In January, our Book of the Month strategy was 6 Word Stories.  I was first introduced to 6 Word Stories when I found this video from SMITHmag (does have a few memoirs that are adult-oriented) on VIMEO.  If you want to show a video to a class, here is one geared towards teenagers:  Six-Word Memoirs by Teens Famous & Obscure.  Then I later found our book of the month on Chets Creek Elementary Wiki (in Florida, USA) and they used 6 Word Stories as their strategy (January 2010) that month also.

The assignment I gave to the teachers had them create a six word story about themselves, which I then incorporated into a video using Animoto, which is a great tool I learned about in the Kick Start Your Blogging Teacher Challenge Activity 6.  Secondly, teachers were to have students create stories/memoirs.  In the younger grades, they had the option to give students a picture and then create a story from that picture.  Stories are not due until the end of this week (Feb. 11).  Then I am going to create another video that features the student work.  Kindergarten and first grade already have their work posted in the hallway and it is fabulous.  I have seen fourth and fifth graders working on the picture that they want to put with their memoirs.  I observed a class of seventh graders creating their memoirs...WOW! is all I can say.  I will post student video soon.

To use or not use...Widgets

Before Activity 7 (Kick Start Your Blogging), I had played around with the sidebar and widgets.  Let's take a "widget walk" through my blog...kinda like a "picture walk" before a read aloud.

The tour begins with my Voki.  The first time I created my Voki I used a computer generated voice. However, in an effort to show more of a personality, I went back and recorded the message using my own voice.  I hope it encourages visitors to leave comments.  I am definitely guilty of reading and moving on.  One of my blogging goals this year is to leave meaningful comments on the blogs that I follow.  I want to join in the conversation.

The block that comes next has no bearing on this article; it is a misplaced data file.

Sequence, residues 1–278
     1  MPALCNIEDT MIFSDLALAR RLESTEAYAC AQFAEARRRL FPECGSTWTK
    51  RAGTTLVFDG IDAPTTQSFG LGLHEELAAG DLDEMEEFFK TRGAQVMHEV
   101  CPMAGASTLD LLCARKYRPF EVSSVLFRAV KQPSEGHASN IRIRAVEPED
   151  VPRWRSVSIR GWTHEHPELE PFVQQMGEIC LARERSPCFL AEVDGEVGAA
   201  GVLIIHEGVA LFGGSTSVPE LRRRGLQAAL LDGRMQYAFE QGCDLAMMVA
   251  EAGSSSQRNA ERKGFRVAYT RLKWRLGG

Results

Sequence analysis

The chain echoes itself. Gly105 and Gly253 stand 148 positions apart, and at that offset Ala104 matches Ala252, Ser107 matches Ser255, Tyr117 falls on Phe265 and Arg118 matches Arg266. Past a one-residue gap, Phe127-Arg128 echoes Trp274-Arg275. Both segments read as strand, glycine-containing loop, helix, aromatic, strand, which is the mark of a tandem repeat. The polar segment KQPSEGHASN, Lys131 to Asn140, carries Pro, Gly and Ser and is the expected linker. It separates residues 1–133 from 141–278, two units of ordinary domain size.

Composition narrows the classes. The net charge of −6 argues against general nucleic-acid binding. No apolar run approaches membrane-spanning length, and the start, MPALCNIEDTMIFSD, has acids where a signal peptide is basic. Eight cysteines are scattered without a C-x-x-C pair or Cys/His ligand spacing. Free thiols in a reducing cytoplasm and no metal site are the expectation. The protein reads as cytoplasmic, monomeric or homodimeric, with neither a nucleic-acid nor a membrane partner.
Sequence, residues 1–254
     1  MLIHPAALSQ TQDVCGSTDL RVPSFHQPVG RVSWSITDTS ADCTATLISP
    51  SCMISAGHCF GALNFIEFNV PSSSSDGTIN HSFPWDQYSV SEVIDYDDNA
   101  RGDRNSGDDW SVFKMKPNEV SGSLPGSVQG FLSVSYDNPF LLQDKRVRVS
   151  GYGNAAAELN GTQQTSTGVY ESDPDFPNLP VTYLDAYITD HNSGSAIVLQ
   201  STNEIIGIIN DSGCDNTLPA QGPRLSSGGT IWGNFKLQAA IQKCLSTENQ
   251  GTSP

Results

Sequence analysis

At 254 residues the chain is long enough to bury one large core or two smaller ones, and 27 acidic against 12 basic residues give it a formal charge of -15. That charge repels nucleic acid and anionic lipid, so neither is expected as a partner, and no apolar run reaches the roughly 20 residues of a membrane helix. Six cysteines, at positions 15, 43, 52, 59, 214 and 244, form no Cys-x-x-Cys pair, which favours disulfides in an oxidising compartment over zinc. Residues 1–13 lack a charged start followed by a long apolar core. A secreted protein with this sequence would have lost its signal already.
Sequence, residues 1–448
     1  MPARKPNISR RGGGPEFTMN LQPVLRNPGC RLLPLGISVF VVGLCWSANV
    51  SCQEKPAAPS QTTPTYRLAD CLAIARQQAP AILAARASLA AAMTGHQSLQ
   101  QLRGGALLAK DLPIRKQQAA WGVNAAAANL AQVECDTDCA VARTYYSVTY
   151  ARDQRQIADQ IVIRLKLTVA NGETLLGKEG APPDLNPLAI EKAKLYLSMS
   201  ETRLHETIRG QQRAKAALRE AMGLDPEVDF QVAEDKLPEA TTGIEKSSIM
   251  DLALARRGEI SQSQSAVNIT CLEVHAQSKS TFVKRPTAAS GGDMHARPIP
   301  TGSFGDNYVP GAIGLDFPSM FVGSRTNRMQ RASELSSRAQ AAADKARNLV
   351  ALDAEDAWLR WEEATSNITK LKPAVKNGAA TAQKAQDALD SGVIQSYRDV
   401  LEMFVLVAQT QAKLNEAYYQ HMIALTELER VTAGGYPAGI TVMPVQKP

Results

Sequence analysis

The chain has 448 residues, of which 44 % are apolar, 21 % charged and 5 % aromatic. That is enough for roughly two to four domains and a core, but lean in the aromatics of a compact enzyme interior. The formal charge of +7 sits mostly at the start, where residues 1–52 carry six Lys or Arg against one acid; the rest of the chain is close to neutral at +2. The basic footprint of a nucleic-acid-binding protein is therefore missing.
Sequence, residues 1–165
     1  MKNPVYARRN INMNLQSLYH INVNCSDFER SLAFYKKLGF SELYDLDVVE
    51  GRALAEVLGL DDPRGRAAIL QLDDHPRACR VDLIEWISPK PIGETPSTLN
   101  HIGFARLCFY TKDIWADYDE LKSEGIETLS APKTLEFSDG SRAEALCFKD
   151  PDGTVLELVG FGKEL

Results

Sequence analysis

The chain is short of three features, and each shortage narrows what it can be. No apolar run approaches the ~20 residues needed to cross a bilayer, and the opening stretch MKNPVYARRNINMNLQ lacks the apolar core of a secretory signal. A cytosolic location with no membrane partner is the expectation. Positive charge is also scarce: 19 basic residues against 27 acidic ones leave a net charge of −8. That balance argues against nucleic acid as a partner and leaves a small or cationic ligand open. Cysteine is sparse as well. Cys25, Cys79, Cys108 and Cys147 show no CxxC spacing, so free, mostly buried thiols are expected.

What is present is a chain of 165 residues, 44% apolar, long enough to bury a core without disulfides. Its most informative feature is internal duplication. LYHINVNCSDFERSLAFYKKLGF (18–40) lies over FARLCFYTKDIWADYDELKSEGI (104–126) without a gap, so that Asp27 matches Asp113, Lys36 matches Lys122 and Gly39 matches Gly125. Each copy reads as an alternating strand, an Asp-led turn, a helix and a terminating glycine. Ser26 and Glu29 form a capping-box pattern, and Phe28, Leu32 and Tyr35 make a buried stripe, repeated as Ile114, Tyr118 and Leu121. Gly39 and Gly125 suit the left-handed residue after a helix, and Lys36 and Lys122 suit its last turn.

Next stop:  Subscribe.  Based on the recommendations of in Activity 7, I added a Feedburner subscribe widget.  Following the directions from Sue Waters, it was easily accomplished.  I also added Subscribe by Email option for those that don't use a Reader.  (My favorite Reader is Google Reader because I can get all the posts from my favorite blogs and Twitter in one place.)

As the tour progresses, Labels is in sight.  Labels:Blogger:Tags:Edublogs.  I really like Labels because it lets me see what I am writing most about.  It is also easy to find all the posts on subject in one click.  Sometimes I feel that I have the memory of a goldfish, so I can remember what I wrote.  Labels makes it easy to find.

Everyone, please look below and you will see "Blog Archives."  The stand out here is that I can see that I wrote more posts in January 2011 than I wrote in the whole year of 2010 and only two less than the entire year of 2009.  I have come a long way through the Kick Start Your Blogging Challenge.

Next stop is "Human Calendar."  As I read comments for Activity 7, I noticed many people didn't have much use for a Calendar widget.  Human Calender is on my sidebar purely for my entertainment.  I can never remember the date and now I can see it in an interesting fashion.  I can't remember the blog where I first saw the human calendar.  If you use the human calender, please, leave a comment and tell me why you decided to use it.

We are closing in on the end of our tour (three widgets left) with a stop at My Blog Roll.  This is the place that I like showcase the wonderfully informative blogs that I have found and like to read.  If you have a recommendation, please leave a comment.

Next is Followers.  I am fortunate to have two and it really warms my heart to know that someone out there cares enough to read what I am thinking.

Last stop on our journey is ClustrMaps.  I found this widget through Activity 7 and have seen it on many blogs.  Again it is gratifying to know that people all over the world are stopping by.  It makes the world not seem like such a big place.  Thanks to all those who visit.

What widgets to do find useful on your blog?